Why most technical trading systems are nothing more than evil trickery.
optimizing rules and variables over an entire data set and obtaining a profitable result does not say anything about how that set of rules will perform on unseen, future data. It's possible - no, it's relatively easy, to optimize a single variable like a trailing stop to turn a trading system that should perform no better than chance, to an awe inspiring, hand rubbing, $ signs in the eyes gold mine. And that's just evil.
First, I'll show you perform this black magic. Then, I'm going to show you how to do it correctly - how to look for the TRUTH - how we do it here at AlgoLab.
Black Magic Recipe:
I built a simple trend line break technical pattern system that has 1 variable which is a following stop. The following stop is optimized using 4 steps from 4 standard deviations to 16 standard deviations.
The rules are simple, If price breaks down through a 10 bar pivot up trend line, the system generates a sell signal. If price pushes up through a down trend line, the system generates a buy signal. 4 following stop values are tested. Th total number of variables testing on the data therefore, is 4.
The data set is historical data for 20 continuous, back adjusted futures symbols, 30 minute per bar time frame from 1/1/2008 to 10/1/2015 (about 1/2 million bars total). According to "degrees of freedom" rules intended to help prevent curve fitting when optimizing rules for a trading system, this would be very close to 100% degrees of freedom, and the recommended minimum DOF to avoid curve fitting is 90%.
For this test, no trading costs such as commissions or fees have been deducted. Costs for slippage is also not included.
Here is the resulting equity curve:
Looks pretty good doesn't it? Would you say that this system, using the optimized following stop for each market would likely continue to perform on future, unseen data?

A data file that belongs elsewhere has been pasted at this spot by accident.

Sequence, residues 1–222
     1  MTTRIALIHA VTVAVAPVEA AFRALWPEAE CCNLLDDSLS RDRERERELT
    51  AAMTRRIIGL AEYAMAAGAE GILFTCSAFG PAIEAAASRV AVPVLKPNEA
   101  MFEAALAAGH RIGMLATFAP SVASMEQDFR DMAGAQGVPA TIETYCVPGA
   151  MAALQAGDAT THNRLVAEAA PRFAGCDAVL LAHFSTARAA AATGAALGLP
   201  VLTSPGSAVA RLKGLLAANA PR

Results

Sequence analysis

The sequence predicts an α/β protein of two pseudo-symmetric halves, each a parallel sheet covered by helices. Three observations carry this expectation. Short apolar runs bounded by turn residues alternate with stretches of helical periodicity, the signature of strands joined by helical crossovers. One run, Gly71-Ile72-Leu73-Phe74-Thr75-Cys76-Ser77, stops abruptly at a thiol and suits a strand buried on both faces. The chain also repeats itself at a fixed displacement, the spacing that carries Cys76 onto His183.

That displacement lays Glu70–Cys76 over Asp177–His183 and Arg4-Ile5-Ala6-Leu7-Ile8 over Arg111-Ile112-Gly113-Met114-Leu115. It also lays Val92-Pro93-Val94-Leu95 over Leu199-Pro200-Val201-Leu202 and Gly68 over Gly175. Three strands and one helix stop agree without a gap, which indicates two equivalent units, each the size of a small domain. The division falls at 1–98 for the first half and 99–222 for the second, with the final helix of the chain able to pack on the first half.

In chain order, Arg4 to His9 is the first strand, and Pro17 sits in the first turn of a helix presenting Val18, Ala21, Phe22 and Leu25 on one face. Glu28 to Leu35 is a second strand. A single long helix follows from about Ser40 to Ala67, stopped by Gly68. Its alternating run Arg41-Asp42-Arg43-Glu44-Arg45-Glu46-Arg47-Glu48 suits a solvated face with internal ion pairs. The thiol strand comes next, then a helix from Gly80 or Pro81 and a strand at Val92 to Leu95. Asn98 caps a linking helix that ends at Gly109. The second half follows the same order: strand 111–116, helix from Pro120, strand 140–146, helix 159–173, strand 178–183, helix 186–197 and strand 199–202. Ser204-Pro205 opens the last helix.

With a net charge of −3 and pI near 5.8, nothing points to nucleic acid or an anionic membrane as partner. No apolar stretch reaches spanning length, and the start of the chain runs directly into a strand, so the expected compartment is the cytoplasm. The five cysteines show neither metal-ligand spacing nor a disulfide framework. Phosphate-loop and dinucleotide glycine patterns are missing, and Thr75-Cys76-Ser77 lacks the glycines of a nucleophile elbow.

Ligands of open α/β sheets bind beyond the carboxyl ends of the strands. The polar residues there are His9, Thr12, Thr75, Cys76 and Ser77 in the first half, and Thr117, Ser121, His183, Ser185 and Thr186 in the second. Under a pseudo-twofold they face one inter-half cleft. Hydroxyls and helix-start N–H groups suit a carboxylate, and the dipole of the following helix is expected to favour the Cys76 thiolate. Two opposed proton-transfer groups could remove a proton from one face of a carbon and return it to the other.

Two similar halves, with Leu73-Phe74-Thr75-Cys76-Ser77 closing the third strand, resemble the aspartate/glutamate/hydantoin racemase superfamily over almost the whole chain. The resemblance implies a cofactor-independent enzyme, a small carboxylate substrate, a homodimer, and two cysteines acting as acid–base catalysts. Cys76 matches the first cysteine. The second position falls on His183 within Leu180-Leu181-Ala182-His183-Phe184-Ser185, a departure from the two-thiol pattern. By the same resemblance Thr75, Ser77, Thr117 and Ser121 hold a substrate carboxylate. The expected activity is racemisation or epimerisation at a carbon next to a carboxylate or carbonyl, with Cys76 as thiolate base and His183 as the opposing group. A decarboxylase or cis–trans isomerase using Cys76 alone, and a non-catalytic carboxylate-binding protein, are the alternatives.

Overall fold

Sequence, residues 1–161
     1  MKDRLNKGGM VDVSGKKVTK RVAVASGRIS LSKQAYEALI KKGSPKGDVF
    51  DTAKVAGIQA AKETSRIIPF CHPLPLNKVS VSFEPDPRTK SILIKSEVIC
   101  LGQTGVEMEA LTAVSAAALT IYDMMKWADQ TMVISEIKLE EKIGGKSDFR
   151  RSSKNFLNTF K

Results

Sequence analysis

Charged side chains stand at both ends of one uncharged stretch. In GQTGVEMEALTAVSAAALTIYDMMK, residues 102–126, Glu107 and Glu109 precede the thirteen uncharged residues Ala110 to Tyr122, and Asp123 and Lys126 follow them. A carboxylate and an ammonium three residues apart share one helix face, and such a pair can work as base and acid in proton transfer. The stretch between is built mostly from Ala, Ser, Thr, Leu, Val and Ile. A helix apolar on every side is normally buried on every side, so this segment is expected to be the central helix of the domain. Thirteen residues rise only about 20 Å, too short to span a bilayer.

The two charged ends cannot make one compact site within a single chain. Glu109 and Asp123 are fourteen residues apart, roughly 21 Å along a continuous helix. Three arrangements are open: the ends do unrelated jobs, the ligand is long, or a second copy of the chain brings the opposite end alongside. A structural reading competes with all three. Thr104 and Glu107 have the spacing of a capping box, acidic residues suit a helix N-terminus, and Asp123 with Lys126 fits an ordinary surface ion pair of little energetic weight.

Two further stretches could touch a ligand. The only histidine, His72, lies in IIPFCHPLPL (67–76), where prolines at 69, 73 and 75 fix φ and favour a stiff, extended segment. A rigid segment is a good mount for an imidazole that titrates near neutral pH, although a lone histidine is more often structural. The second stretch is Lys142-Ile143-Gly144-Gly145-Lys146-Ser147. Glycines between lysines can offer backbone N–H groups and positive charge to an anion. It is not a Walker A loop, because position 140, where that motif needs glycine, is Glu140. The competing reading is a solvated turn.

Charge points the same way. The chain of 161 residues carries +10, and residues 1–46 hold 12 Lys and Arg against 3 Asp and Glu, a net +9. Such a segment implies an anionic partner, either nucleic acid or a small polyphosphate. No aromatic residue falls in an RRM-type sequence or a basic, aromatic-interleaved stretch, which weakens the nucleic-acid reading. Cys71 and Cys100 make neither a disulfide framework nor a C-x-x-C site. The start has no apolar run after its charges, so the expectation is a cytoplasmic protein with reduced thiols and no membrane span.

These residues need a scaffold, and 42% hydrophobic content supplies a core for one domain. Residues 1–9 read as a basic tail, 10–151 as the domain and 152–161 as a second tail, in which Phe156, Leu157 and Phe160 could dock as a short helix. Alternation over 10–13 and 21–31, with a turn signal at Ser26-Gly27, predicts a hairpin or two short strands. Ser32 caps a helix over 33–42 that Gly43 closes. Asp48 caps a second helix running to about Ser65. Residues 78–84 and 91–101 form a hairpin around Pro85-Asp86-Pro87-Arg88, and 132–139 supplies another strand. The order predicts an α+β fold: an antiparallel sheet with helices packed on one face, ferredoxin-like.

Well, look at this equity curve that was run on a different basket of historical data (same number of bars):
Also looks pretty good right? The profit was higher, and profit to drawdown ratio was slightly better, and the average trade was better. This second back test is using RANDOM data. That's right, historical data for 20 symbols that has been generated using a random number generator. To the human eye, this data looks like it's underlying symbol, but the bar by bar returns are 100% random.
And no, it is NOT POSSIBLE to generate a profit using a good exit and/or entry strategy on RANDOM DATA!
Let me break this down, and explain exactly what is happening here with this random data. Since the data is random, the trading system rules are just random dart throws into the data. So, essentially, we randomly pick a price bar in the random data, and then randomly say we are either going to sell at the close, or buy at the close, and this is also chosen randomly. Random bar, random bias signal. The trend line break means nothing in this case. So, now that we are in a long or short position, we can test 4 following stop amounts. The chances are good that at least one of these four stops will result in an overall profit across the entire symbol - but even better because we can select the most profitable stop as our optimized variable for this symbol. Now we can do it all over again for the next symbol. As it turns out, out of the 20 symbols, we found an over all profitable stop value in 16 of these symbols, and the remaining 4 lost money, but again, we got to select the stop value that lost the least amount of money for these remaining 4. Now, when you merge all of these 20 sets of trades together, the equity dips and peaks are smoothened out, and you end up with a very pretty and smooth, 45 degree up-sloping equity curve!
So... it appears that testing trading systems by optimizing the variables - even on VAST quantities of historical data, is NOT VIABLE, because promising results can easily be obtained using random data. Therefore, we have no way of knowing if the system is really working!
Out of sample testing is not the solution, because as soon as you attempt an out of sample test more than one time using different variables (which we ALL inevitably do when we don't get the results we are looking for after the first out of sample run), you are optimizing the variables again, and simply repeating the original in-sample variable optimization (but 'calling' it "out of sample) !!
Now for the good stuff:
>> still working on it! Maybe a future post